The National Archives and Records Administration apologized Friday for ordering visitors in the District of Columbia for the March for Life to take off or cover up their pro-life apparel after being accused in a federal lawsuit of violating their First Amendment rights.
The conservative American Center for Law & Justice sued Wednesday on behalf of four March for Life participants from three states who said they were told to remove or cover up sweatshirts, T-shirts, buttons and hats imprinted with pro-life messages.
“Earlier this week, a lawsuit was filed against the National Archives and Records Administration (NARA) stating that on the morning of January 20, 2023, the day of the March for Life, several visitors to our museum in Washington, D.C., were told by NARA security officers ‘to remove or cover their attire because of their pro-life messages,’” said the National Archives in an email to The Washington Times.
“As the home to the original Constitution and Bill of Rights, which enshrine the rights of free speech and religion, we sincerely apologize for this occurrence,” said the statement.
The National Archives acknowledged that its policy “expressly allows all visitors to wear T-shirts, hats, buttons, etc. that display protest language, including religious and political speech.”
The statement added, “We are actively investigating to determine what happened. Early indications are that our security officers quickly corrected their actions and, from that point forward, all visitors were permitted to enter our facility without needing to remove or cover their attire. We have reminded all of our security officers at our facilities across the country of the rights of visitors in this regard.”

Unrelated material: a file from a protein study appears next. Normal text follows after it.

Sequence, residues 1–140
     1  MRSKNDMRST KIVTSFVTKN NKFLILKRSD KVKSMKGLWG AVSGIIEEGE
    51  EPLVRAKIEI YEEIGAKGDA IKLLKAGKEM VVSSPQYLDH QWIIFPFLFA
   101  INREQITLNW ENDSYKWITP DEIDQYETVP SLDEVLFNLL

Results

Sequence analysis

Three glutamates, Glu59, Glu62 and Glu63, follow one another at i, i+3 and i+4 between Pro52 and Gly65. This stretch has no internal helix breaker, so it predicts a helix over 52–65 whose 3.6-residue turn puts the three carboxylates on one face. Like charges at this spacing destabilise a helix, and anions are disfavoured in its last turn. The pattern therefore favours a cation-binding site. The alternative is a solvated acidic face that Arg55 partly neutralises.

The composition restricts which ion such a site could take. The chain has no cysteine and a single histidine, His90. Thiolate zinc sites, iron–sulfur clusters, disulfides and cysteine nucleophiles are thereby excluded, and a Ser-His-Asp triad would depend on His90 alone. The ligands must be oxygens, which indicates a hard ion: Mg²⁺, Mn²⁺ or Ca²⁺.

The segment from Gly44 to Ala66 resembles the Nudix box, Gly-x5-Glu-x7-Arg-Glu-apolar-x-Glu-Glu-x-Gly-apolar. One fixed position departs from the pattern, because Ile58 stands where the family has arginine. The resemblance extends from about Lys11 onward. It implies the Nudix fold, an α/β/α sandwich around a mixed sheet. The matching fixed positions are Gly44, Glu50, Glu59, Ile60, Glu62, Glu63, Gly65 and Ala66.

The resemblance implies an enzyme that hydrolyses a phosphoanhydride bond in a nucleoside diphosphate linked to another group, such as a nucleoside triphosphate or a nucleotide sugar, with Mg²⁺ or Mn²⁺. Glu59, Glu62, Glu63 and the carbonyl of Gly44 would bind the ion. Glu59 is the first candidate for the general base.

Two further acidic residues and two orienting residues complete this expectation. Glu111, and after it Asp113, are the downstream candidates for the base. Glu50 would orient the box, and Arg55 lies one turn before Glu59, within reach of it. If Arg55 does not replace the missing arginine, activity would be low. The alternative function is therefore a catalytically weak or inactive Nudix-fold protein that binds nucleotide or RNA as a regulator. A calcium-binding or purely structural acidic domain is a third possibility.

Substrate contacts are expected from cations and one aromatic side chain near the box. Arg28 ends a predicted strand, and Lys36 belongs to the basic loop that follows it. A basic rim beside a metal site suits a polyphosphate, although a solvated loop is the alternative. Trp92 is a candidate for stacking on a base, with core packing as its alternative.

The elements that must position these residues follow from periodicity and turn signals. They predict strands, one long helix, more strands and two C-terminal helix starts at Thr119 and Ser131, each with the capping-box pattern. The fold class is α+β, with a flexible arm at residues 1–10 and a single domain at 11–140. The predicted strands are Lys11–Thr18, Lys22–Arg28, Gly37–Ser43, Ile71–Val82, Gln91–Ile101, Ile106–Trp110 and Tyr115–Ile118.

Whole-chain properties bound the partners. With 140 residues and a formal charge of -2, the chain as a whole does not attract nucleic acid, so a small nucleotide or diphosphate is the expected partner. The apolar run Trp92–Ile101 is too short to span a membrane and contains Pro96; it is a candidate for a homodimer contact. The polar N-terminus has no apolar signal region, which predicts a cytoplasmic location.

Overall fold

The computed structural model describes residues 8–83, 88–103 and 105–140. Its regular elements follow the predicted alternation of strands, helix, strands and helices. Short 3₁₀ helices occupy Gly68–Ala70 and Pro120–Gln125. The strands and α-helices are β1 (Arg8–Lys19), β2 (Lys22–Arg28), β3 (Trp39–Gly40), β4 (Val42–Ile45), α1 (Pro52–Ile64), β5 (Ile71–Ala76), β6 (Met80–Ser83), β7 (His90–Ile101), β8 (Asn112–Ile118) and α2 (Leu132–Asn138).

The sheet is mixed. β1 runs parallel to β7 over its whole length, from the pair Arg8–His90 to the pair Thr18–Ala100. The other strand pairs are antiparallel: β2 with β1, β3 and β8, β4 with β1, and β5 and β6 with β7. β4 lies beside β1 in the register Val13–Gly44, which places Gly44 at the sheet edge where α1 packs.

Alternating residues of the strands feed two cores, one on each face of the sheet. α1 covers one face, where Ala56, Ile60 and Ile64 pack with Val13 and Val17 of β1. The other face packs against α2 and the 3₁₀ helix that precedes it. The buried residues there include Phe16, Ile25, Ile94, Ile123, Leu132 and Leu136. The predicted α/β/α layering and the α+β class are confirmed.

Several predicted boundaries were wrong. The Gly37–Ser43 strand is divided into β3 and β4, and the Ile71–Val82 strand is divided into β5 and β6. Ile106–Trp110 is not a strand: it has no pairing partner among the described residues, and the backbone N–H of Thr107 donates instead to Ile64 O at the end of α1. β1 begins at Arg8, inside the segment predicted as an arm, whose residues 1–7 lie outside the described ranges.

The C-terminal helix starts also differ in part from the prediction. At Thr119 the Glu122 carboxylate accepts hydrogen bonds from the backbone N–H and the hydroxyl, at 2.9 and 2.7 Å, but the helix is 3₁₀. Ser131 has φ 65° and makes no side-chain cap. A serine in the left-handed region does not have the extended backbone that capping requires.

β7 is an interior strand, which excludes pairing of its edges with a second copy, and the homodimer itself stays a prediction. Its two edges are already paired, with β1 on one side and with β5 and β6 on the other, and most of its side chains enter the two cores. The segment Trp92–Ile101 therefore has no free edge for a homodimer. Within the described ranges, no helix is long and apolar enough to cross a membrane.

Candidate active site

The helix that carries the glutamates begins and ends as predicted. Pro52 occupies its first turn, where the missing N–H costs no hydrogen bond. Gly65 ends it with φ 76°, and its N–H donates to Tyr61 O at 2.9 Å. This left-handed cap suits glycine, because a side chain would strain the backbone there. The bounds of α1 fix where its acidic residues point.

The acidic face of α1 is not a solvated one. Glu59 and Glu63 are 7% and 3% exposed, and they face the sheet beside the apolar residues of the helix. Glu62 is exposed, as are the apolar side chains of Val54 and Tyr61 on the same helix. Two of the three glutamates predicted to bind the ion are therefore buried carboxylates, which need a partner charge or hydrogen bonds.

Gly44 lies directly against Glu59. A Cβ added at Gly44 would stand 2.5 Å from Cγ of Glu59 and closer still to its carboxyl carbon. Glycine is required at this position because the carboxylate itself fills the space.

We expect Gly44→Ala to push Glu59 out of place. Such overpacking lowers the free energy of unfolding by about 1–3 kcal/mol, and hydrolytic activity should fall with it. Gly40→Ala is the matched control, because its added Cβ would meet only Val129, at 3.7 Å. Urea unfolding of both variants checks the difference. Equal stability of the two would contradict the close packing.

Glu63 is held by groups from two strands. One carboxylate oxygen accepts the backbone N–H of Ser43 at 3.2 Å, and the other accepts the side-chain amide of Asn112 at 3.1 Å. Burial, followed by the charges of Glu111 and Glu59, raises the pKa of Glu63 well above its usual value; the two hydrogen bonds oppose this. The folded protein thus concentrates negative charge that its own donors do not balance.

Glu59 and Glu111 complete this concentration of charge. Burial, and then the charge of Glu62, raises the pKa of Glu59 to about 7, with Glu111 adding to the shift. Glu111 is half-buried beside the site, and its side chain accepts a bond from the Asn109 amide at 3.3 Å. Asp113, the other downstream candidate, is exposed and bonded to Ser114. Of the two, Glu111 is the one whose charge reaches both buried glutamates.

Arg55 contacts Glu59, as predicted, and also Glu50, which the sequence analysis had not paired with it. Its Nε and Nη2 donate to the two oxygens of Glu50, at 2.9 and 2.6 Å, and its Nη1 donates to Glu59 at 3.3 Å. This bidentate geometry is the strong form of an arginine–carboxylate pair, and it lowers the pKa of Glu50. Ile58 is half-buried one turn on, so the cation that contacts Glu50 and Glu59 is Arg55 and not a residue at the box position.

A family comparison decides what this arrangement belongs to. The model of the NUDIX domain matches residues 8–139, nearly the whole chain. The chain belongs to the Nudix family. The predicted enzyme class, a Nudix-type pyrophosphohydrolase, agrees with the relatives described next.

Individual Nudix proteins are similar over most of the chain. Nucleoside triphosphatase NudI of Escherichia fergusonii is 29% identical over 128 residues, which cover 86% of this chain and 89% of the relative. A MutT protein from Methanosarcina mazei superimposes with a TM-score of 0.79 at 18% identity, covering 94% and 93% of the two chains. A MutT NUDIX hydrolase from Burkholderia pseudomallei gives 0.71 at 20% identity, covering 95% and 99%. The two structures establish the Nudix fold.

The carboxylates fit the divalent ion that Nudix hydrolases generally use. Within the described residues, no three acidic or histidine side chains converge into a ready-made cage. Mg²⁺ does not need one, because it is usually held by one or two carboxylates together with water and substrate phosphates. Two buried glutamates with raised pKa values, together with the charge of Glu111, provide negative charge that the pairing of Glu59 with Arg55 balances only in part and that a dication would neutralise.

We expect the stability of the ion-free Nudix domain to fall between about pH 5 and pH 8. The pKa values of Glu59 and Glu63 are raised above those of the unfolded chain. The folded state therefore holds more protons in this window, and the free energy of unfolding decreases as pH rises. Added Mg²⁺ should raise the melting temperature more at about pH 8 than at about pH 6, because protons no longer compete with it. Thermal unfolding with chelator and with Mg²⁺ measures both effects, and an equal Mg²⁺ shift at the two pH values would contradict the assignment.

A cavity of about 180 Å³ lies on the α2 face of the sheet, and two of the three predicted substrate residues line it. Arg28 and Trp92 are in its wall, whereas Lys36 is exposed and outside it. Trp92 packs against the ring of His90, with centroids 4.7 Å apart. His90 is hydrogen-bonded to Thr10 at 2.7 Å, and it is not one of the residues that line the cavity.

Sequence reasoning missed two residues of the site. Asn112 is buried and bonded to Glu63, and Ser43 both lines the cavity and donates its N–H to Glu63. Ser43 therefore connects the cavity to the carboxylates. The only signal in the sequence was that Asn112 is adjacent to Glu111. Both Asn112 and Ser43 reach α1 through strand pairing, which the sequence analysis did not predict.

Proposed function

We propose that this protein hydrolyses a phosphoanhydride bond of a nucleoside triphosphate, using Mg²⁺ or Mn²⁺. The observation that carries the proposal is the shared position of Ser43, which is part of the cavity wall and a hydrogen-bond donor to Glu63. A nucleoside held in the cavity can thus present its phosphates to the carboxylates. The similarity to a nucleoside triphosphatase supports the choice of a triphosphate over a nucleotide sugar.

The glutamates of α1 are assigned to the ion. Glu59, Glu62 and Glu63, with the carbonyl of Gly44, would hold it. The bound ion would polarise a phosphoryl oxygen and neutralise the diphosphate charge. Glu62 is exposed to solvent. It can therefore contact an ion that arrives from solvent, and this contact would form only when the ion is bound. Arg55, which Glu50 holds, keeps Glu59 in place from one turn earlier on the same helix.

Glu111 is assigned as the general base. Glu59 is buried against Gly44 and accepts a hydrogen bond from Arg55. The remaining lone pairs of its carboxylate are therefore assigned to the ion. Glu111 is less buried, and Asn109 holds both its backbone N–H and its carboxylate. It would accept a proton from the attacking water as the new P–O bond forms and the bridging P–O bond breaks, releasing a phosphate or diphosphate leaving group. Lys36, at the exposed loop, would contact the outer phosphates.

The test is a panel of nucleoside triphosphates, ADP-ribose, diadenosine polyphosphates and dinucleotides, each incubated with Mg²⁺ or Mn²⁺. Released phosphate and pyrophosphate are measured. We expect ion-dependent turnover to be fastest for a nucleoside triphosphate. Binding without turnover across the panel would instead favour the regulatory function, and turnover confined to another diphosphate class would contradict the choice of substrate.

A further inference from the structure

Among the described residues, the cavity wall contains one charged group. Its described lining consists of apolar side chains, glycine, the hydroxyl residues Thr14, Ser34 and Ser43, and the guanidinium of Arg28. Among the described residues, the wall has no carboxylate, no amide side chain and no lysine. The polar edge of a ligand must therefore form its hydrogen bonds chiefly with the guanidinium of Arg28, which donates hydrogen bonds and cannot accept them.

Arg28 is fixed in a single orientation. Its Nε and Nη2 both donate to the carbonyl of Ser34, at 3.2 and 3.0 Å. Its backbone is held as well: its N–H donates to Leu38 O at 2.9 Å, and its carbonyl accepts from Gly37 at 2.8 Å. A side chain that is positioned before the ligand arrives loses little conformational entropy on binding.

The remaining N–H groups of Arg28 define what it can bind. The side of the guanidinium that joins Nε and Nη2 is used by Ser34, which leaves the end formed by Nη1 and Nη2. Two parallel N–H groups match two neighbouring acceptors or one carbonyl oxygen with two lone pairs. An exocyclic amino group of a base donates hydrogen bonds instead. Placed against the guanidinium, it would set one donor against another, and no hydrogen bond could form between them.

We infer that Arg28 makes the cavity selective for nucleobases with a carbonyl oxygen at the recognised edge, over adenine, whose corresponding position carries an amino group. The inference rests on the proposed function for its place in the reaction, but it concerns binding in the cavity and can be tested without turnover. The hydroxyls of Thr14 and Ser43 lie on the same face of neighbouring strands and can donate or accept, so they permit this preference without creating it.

The statement concluded: “Because a lawsuit has been filed, we cannot comment further.”
The National Archives wasn’t alone in censoring pro-life messaging on Jan. 20. The ACLJ has also sued the Smithsonian after a dozen Catholic students and chaperones from South Carolina were told by security guards at the National Air and Space Museum to remove their pro-life swag or leave.
March for Lifers sue National Archives for allegedly ordering them to remove #prolife swag – https://t.co/6WuzBbMivh – @washtimes #1A #Smithsonian #abortion
— Valerie Richardson (@ValRichardson17) February 9, 2023
ACLJ Executive Director Jordan Sekulow said he believes the incidents are connected, and that the same thing may have happened to other March for Life participants touring the nation’s capital.
“The fact that there were multiple instances of targeted discrimination in at least two federal buildings on the same day against pro-life advocates is no coincidence,” Mr. Sekulow said in a Thursday post. “Where there were two, there are likely more. We will not stop until we get to the bottom of this, achieve justice for our clients, and ensure that this never happens again.”
The lawsuits filed in U.S. District Court for the District of Columbia accuse the Smithsonian and National Archives of violating the First and Fifth Amendments and the Religious Freedom Restoration Act.
“No one should be targeted by the federal government for their Christian and pro-life views,” Mr. Sekulow said.
The 50th annual March for Life, the first since Roe v. Wade was overturned, was held Jan. 20 on the National Mall.